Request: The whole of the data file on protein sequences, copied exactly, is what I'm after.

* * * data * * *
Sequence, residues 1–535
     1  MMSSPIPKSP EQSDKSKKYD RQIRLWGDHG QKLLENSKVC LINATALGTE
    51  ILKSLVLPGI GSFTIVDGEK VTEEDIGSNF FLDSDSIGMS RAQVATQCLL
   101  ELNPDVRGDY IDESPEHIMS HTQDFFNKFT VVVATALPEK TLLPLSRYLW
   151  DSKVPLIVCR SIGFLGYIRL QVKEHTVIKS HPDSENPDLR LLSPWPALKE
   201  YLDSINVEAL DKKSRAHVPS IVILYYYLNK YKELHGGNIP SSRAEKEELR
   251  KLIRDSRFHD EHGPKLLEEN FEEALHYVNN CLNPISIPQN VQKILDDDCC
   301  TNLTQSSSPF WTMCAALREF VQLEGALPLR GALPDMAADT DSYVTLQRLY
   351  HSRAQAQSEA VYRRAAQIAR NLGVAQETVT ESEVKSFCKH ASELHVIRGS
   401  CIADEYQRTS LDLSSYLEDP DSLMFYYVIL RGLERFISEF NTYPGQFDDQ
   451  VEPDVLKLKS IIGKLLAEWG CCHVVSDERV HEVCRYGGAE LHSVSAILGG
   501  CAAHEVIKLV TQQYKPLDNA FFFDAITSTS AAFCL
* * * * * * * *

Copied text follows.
Sequence, residues 1–535
     1  MMSSPIPKSP EQSDKSKKYD RQIRLWGDHG QKLLENSKVC LINATALGTE
    51  ILKSLVLPGI GSFTIVDGEK VTEEDIGSNF FLDSDSIGMS RAQVATQCLL
   101  ELNPDVRGDY IDESPEHIMS HTQDFFNKFT VVVATALPEK TLLPLSRYLW
   151  DSKVPLIVCR SIGFLGYIRL QVKEHTVIKS HPDSENPDLR LLSPWPALKE
   201  YLDSINVEAL DKKSRAHVPS IVILYYYLNK YKELHGGNIP SSRAEKEELR
   251  KLIRDSRFHD EHGPKLLEEN FEEALHYVNN CLNPISIPQN VQKILDDDCC
   301  TNLTQSSSPF WTMCAALREF VQLEGALPLR GALPDMAADT DSYVTLQRLY
   351  HSRAQAQSEA VYRRAAQIAR NLGVAQETVT ESEVKSFCKH ASELHVIRGS
   401  CIADEYQRTS LDLSSYLEDP DSLMFYYVIL RGLERFISEF NTYPGQFDDQ
   451  VEPDVLKLKS IIGKLLAEWG CCHVVSDERV HEVCRYGGAE LHSVSAILGG
   501  CAAHEVIKLV TQQYKPLDNA FFFDAITSTS AAFCL